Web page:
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Larkin upbeat despite world swim flop

Australia's Mitch Larkin says he is more determined than ever to bounce back after experiencing a worst case scenario at the world swimming tiles in Budapest.

Larkin upbeat despite world swim flop

Australia's Mitch Larkin says he is more determined than ever to bounce back after experiencing a worst case scenario at the world swimming tiles in Budapest.

When dual defending champion Mitch Larkin arrived at the world swimming championships at Budapest, he mapped out every scenario.

And the former FINA Male Swimmer of the Year admitted his results at the eight-day meet at Duna Arena would be filed under "worst case".

But Larkin said he was more determined than ever to make his shock switch to new coach Simon Cusack work despite admitting he would "have a bit of a cry" upon his return to Australia.

Larkin's woeful meet only got worse when he couldn't qualify for the 50m backstroke semi-finals on day seven of the world titles at Duna Arena.

The defending 100m-200m backstroke champion in Hungary was a shadow of the man who dominated the 2015 world titles.

He not only didn't qualify for the 200m final at Budapest, he finished second-last in the semis.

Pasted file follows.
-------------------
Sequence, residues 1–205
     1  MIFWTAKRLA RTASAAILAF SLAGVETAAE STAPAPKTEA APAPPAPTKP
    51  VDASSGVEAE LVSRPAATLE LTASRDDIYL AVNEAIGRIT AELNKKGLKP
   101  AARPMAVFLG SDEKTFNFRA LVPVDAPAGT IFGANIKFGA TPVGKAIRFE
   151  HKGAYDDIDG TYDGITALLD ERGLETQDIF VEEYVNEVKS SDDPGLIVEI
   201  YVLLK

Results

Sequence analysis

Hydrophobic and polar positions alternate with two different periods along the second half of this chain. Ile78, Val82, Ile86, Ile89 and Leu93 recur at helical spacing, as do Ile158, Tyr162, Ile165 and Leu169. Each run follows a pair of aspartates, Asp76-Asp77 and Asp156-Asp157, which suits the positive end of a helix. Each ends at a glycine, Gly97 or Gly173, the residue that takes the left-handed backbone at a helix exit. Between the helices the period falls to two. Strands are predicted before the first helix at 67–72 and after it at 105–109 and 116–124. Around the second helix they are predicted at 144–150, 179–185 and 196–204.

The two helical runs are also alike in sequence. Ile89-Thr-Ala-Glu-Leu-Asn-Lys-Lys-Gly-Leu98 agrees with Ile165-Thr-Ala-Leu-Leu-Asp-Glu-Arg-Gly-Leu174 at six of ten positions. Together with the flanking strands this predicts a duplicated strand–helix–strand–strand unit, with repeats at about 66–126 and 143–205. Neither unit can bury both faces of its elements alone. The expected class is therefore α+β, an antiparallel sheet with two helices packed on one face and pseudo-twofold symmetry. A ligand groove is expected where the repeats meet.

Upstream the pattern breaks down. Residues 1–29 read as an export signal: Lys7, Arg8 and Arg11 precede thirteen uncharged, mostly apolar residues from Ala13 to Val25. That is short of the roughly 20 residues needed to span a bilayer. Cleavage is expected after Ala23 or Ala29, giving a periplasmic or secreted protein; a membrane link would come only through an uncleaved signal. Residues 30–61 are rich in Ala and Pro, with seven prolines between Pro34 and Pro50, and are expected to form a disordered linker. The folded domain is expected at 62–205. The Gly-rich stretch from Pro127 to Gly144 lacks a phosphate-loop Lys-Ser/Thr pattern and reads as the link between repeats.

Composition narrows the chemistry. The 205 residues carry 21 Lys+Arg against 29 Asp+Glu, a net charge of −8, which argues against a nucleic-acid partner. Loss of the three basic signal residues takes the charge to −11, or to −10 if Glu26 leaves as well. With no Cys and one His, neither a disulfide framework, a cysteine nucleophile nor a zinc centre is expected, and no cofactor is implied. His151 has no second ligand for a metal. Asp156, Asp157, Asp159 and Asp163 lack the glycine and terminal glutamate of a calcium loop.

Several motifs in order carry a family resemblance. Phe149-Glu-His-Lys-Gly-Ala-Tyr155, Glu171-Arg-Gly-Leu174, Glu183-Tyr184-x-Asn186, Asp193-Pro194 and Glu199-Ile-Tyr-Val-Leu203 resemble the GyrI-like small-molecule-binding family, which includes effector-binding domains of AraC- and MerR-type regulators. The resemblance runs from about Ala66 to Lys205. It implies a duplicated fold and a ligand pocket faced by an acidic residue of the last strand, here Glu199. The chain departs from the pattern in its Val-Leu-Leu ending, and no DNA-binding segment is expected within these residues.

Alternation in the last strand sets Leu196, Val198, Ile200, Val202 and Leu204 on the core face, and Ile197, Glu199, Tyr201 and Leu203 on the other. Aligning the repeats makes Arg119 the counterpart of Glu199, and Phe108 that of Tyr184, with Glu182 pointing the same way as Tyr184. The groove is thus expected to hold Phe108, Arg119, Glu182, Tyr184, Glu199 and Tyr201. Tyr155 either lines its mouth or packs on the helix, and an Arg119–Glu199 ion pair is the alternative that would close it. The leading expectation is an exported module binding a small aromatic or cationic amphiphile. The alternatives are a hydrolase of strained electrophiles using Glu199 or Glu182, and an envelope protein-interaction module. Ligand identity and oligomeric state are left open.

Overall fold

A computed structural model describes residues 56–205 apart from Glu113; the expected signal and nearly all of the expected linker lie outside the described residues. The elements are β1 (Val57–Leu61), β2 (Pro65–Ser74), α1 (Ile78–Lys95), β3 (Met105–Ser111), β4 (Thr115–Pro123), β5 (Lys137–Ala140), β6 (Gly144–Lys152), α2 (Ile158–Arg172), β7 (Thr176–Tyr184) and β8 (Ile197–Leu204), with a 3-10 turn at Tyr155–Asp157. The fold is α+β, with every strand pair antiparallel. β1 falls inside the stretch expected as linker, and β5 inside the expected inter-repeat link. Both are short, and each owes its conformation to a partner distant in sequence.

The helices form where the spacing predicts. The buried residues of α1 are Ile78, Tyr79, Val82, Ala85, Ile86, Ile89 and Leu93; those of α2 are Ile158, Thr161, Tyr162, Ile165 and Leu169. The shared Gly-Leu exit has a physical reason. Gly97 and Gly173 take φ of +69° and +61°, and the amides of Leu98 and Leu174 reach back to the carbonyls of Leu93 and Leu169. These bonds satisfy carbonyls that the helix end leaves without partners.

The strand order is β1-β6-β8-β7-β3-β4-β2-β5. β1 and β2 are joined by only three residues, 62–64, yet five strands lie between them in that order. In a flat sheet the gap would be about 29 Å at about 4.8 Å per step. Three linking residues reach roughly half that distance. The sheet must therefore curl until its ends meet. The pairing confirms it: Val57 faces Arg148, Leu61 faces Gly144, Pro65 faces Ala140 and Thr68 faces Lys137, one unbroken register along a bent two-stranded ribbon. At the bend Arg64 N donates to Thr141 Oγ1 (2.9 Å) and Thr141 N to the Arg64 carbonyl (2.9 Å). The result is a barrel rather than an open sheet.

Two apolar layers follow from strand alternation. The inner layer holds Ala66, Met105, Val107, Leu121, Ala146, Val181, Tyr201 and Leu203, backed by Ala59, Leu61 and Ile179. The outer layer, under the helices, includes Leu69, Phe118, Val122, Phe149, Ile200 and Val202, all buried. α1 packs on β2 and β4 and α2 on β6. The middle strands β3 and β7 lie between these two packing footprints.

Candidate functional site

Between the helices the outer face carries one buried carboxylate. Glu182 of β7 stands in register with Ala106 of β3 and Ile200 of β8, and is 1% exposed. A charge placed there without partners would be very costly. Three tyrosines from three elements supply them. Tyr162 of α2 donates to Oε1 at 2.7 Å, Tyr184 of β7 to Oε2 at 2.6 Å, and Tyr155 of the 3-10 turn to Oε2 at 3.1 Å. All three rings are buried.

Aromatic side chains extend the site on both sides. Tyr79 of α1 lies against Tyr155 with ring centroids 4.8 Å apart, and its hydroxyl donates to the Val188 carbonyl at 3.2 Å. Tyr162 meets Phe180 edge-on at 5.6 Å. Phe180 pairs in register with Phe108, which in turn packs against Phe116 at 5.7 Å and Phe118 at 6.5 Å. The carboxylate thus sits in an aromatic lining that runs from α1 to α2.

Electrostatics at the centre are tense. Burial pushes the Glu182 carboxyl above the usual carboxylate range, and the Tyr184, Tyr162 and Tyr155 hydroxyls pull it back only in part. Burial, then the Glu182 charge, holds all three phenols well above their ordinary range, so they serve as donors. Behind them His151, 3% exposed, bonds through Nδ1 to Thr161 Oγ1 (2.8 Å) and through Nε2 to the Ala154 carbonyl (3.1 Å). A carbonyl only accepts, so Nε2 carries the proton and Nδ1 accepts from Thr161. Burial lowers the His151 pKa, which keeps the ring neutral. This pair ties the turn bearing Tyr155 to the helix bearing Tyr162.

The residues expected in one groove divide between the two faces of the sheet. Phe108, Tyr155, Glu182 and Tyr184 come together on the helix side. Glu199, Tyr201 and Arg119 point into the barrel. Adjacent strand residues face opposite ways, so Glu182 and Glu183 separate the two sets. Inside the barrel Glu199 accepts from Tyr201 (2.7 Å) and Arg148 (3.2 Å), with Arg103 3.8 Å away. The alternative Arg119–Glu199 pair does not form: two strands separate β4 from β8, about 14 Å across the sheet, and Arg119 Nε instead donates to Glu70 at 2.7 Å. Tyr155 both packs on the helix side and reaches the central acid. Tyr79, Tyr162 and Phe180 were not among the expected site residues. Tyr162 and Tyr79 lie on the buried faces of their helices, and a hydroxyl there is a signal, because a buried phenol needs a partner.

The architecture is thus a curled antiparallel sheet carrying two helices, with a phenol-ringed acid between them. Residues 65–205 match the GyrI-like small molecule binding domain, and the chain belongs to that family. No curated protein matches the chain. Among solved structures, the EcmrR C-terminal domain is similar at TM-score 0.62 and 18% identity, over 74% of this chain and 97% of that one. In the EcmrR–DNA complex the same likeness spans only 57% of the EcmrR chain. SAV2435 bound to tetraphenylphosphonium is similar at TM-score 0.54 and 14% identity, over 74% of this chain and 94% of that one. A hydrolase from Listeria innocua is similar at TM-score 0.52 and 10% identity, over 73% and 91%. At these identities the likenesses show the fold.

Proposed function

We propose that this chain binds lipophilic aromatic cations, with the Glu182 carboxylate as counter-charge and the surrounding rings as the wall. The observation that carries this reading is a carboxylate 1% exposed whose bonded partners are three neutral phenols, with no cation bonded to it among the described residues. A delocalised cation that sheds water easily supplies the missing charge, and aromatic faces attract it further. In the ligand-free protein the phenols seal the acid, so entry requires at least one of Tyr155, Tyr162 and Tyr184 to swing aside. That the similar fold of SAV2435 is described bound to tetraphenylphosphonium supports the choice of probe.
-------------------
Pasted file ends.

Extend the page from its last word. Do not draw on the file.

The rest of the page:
And the 24-year-old stumbled in his other title defence, finishing sixth in the 100m final.

"I planned for all options this week," Larkin said.

"I prepared for worse case scenario which is probably this.

"It's hard. I haven't tried to think about it too much. It is still quite raw."

Two years ago, Larkin was on top of the world.

He became the first man in 10 years to complete the 100m-200m world titles double at Kazan, Russia instantly making him the man to beat at Rio.

It ensured he became the first Australian - and backstroker for that matter - to earn Male Swimmer of the Year honours.

Yet Larkin made the shock call to dump long time mentor Michael Bohl and link with the world beating Campbell sisters' coach Cusack ahead of the 2016 Olympics.

Alarm bells are still sounding after his ill fated world titles defence in Hungary.

But Larkin said he was more focused than ever to make his coaching switch work, even if his dual world titles defence ended in tears at Budapest - literally.

"It is not probably until I get home when I will look back at the week, have a bit of a cry, chat with Simon and go from there," Larkin said of his results.

Larkin admitted it was always going to be tough to reclaim his 2015 world titles form under Cusack, saying his new mentor told him it would take 18 months for them to click.


AAP



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